The following year, the number of factories had grown to 34.

Missing from the 1992 agreement had been mechanisms to ensure China’s new laws were enforced. After long nego­ti­ations, these were added to a new and improved bilateral agreement in 1995. When it was signed, Clinton’s lead negotiator, Charlene Barshefsky, said, “This is the single most comprehensive and detailed [IP rights] enforce­ment agreement the US has ever concluded. The US is very pleased […] and our industries are very pleased.”

But still nothing happened on the ground. Over the next year, US negotiators made nine trips to China and held 40 meetings with their Chinese counterparts. And, to show that this time they really meant business, Clinton threatened to impose 100 per cent tariffs on US$2 billion of imports from China if Beijing didn’t enforce its new laws.

Like US President Donald Trump’s today, Clinton’s tariff threat displeased many. Beijing expressed outrage, of course, but also unhappy were the US security community, who didn’t want sanctions to keep Beijing from cooperating on security matters; human rights groups, who didn’t want to give Beijing another reason not to free their dissident of the day; and environ­mental groups, who sought Beijing’s cooperation with their own issues.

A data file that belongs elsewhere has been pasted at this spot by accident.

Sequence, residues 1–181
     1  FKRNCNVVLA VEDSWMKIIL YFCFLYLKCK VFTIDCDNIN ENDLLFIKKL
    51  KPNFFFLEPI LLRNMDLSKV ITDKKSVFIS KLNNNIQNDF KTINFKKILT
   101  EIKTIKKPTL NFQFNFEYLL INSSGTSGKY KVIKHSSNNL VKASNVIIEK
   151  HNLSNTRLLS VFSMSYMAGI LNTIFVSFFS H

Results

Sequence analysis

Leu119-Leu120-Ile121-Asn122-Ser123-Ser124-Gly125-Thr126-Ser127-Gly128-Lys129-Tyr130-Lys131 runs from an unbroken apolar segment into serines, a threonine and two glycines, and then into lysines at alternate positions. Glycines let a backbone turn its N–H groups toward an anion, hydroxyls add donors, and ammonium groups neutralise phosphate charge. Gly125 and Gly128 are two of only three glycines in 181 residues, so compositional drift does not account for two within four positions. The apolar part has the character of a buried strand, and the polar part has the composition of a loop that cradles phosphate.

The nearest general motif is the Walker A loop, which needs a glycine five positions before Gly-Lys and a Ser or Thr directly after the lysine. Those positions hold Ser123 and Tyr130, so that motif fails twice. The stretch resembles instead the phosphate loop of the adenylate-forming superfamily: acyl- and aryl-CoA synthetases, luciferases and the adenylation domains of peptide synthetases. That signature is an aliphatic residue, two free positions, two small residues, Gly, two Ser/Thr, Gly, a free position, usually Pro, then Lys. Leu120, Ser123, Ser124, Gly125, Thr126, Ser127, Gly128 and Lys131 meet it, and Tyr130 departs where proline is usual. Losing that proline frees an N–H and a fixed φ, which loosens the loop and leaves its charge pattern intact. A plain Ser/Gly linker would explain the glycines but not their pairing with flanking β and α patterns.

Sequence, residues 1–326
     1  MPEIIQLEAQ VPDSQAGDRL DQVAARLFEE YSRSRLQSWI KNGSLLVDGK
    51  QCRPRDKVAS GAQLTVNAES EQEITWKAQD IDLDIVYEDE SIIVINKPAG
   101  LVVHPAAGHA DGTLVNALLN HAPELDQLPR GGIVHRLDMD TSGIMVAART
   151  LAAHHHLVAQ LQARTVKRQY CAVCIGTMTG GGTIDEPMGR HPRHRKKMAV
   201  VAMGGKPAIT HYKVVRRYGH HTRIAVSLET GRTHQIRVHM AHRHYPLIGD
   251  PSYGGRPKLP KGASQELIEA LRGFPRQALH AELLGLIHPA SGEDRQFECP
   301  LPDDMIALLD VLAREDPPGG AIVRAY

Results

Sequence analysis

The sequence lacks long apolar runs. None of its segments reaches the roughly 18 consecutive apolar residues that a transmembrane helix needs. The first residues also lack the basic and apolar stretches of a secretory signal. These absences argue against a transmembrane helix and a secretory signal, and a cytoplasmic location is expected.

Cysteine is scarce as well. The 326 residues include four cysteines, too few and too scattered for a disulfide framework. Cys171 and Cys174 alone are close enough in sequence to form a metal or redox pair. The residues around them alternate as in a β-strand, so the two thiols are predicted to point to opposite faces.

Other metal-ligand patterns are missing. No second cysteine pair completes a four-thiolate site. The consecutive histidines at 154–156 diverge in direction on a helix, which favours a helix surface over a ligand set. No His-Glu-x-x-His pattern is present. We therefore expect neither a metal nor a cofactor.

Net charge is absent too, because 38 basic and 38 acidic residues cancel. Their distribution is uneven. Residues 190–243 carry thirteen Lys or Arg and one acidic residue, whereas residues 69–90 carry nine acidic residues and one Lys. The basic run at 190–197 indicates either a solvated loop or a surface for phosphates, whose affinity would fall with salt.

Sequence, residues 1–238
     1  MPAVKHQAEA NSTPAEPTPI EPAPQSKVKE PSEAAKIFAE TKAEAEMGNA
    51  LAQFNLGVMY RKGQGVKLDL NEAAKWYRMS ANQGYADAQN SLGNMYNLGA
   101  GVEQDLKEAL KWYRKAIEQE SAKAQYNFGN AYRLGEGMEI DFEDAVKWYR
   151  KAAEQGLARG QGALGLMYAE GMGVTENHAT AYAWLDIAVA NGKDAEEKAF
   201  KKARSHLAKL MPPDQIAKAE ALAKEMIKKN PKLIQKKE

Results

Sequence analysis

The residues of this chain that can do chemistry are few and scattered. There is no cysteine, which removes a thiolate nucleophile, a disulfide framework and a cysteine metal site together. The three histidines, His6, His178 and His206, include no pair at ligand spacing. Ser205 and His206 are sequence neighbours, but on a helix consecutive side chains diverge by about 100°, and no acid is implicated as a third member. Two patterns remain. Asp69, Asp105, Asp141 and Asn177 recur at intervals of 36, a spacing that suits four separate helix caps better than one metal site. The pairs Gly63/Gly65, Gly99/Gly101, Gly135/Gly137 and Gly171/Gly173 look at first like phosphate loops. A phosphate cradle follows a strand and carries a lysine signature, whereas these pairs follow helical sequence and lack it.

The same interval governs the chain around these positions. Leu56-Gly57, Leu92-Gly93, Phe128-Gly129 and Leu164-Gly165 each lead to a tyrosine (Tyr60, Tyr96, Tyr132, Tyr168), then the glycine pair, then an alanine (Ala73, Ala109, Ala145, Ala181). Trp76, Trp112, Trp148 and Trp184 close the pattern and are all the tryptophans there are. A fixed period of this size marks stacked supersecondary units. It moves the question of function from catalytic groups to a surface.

The most vociferous opponents, however, were the same as they are now: Wall Street, big-business executives and other members of the US “elite”, who made good money trading with China. Trade friction would rock that boat.

“Surprise! An IPR Deal!”, The Wall Street Journal wrote on the eve of the sanc­tions deadline, in June 1996. The US and China has reached yet another agreement to fix the problem of IP theft in China, their third in four years. At a press conference announcing the breakthrough, the US team sounded like ingénues, using such terms as “that’s an abso­lute commitment”, referring to Beijing’s agree­­ment to close underground CD factories, and “the situation has changed”, when asked by a reporter why the US wouldn’t be back dealing with the same issue a year hence.

Clinton accepted a promise from Beijing that few Americans believed would be kept. Paraphrasing Vladimir Lenin, Beijing always knew that capitalists would sell you the hardware to hang them with. Now they knew the software would be thrown in for free.

IP theft in China continued to grow, yet the Clinton team pushed hard to bring the country fully into the world’s trading system, telling some whoppers to get Congress to pass a bill giving Beijing permanent normal trade relations status in 2000. Motherhood, apple pie and the holy grail of demo­cracy, Americans were told, would follow from more trade with China. “They” were going to be like “us”. It had to happen! The New York Times called the trade deal with China “a major part of Clinton’s foreign policy legacy”.

After China’s accession to the World Trade Organisation, in December 2001, with the rapid growth of the internet and PC use, pirated software grew as China’s economy grew. The BSA estimated that 70 per cent of new PC software installed in China during 2015 was unlicensed, its value totalling almost US$9 billion.